the first picture mentions dogs and NA wolfs having 2 molars. In the picture comparing NA wolfs, dogs, and Taz Wolf (3 jaws, on side).
(edit in post: my bad. the second picture is of the lower jaws. The first only counts upper jaw)

now for the actual problem. last picture is supposed to have the lower jaw of the kangaroo, possum, and thylacine. Instead, it has the NA wolf and dog lateral view.


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PaulK
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Posts: 14921
Joined: 01-10-2003
Member Rating: 3.2


Message 19 of 91 (398656)
05-02-2007 2:15 AM
Reply to: Message 13 by Hyroglyphx
05-01-2007 8:11 PM


Re: Don't judge a book by its cover
Yes, your point shows that the more detailed analysis used by taxonomists is much superior to the more superficial comparisons between some marsupials and placentals occupying a similar niche.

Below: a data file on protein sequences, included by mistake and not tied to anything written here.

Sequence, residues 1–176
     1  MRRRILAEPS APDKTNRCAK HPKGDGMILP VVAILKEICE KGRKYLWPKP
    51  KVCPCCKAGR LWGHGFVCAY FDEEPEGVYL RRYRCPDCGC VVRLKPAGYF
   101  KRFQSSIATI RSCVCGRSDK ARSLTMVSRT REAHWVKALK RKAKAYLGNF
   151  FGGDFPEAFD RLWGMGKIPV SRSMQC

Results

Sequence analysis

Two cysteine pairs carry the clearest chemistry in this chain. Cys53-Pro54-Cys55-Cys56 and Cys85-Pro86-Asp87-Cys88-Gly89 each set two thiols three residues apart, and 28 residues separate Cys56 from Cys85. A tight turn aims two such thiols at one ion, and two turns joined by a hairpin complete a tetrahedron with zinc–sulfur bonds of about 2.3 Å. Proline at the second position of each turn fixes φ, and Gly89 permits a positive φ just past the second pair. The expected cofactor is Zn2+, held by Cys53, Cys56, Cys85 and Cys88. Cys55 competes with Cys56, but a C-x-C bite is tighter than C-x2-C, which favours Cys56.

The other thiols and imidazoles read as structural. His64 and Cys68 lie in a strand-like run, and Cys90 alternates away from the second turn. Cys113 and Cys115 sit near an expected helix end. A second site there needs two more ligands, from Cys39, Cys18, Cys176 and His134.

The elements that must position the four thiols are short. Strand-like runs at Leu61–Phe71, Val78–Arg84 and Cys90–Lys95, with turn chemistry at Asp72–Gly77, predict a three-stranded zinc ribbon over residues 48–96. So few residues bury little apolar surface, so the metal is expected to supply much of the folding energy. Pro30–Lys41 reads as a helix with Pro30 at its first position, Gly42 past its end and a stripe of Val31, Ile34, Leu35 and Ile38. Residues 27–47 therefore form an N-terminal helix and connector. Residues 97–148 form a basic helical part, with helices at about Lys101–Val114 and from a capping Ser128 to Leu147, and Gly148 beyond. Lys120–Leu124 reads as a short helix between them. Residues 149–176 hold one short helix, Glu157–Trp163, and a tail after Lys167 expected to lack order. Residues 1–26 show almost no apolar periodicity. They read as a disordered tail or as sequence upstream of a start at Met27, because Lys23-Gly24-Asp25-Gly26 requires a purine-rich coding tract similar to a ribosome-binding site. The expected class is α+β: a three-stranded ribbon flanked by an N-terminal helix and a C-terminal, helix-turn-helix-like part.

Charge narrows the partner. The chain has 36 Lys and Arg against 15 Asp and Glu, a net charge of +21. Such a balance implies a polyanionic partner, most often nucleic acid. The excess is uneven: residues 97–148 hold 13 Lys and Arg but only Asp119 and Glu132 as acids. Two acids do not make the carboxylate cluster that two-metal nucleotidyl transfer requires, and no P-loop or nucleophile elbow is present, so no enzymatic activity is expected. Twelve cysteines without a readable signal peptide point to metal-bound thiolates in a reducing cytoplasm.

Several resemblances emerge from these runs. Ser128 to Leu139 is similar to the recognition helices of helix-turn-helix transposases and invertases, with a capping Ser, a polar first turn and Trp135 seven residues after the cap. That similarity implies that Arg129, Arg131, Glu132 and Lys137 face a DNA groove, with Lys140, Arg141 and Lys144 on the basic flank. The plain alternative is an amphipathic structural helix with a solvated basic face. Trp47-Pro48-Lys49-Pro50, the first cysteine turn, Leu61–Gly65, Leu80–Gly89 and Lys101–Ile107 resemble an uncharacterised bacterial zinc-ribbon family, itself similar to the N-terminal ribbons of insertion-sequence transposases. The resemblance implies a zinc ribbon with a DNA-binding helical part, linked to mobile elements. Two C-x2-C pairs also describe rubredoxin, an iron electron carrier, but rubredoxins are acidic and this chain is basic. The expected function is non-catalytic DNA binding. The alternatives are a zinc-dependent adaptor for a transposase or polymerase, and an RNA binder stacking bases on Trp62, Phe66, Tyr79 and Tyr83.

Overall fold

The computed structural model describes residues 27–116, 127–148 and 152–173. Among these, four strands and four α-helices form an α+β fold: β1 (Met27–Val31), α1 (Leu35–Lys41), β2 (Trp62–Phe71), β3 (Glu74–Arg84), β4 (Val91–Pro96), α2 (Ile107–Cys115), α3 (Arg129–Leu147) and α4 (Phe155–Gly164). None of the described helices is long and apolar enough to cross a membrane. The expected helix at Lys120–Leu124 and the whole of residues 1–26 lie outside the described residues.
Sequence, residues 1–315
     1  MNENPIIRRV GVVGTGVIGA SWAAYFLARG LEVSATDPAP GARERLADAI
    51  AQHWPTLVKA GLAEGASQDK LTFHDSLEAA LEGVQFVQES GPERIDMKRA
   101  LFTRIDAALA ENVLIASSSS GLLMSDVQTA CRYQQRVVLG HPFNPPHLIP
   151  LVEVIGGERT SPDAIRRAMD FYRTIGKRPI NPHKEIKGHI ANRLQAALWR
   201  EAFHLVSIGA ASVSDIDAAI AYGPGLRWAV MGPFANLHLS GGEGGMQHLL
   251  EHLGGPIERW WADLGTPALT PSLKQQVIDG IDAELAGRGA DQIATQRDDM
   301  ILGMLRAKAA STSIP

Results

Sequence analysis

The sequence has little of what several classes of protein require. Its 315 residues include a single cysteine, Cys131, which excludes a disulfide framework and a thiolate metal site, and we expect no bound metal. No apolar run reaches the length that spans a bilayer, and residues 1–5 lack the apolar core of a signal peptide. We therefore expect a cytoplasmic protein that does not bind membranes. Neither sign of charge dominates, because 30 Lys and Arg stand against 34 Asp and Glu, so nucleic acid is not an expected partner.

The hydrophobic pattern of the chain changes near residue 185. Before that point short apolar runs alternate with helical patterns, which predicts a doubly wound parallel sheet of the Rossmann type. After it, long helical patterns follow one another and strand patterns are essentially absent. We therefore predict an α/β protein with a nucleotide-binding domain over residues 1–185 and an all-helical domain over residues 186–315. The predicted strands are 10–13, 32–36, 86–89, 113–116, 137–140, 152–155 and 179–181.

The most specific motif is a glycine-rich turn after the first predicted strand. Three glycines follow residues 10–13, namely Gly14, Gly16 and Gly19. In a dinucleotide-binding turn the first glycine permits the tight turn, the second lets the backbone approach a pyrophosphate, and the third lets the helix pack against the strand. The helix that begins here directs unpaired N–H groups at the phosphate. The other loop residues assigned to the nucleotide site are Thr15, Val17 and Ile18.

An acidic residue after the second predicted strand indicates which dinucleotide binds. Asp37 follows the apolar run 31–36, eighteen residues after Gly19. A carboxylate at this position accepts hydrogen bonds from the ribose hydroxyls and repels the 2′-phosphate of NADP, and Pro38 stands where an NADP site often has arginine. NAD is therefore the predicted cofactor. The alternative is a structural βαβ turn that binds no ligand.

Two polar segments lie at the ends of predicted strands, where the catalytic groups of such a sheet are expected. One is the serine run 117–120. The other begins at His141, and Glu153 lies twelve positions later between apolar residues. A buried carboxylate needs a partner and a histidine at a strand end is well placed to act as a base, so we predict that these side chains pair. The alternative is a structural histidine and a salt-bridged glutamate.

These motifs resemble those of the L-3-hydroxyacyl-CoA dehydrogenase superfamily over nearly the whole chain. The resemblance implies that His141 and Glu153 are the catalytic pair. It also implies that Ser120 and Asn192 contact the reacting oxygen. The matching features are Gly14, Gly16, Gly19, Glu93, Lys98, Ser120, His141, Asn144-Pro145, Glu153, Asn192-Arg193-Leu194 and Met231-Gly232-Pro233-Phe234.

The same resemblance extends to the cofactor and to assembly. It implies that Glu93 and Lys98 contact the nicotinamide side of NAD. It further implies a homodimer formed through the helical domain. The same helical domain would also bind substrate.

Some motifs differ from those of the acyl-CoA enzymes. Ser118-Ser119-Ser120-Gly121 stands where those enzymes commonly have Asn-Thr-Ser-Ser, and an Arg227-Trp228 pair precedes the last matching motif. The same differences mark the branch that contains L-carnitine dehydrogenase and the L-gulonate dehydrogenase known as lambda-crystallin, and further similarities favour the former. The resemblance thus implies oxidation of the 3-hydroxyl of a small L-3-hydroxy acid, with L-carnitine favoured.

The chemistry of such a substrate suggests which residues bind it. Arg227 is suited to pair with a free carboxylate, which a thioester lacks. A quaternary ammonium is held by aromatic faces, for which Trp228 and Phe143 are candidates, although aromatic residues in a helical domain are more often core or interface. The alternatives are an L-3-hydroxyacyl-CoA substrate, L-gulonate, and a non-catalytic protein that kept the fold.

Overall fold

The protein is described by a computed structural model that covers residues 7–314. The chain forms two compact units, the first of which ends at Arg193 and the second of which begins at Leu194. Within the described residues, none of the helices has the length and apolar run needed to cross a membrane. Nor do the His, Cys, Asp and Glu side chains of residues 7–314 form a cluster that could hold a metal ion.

Which really doesn't get creationists anywhere. The evidence that they wish to reject is untouched by your point.


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Hyroglyphx
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Posts: 5637
From: Austin, TX
Joined: 05-03-2006


Message 20 of 91 (398746)
05-02-2007 12:55 PM
Reply to: Message 14 by anglagard
05-01-2007 9:06 PM


Monotremes
FYI NJ, a platypus is a monotreme, not a marsupial.

I stand corrected. :)


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arachnophilia
Member (Idle past 113 days)
Posts: 9069
From: god's waiting room
Joined: 05-21-2004


Message 21 of 91 (398786)
05-02-2007 3:23 PM
Reply to: Message 18 by kuresu
05-02-2007 12:56 AM


Re: placental vs. marsupial
now for the actual problem. last picture is supposed to have the lower jaw of the kangaroo, possum, and thylacine. Instead, it has the NA wolf and dog lateral view.

thank you, i typoed on the filename in the img tag. it has been fixed.


אָרַח

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Dr Adequate
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Message 22 of 91 (398787)
05-02-2007 3:27 PM
Reply to: Message 13 by Hyroglyphx
05-01-2007 8:11 PM


Re: Don't judge a book by its cover
Perhaps you should learn what morphology is.

It is not the study of superficial resemblances.

Nor is genetics.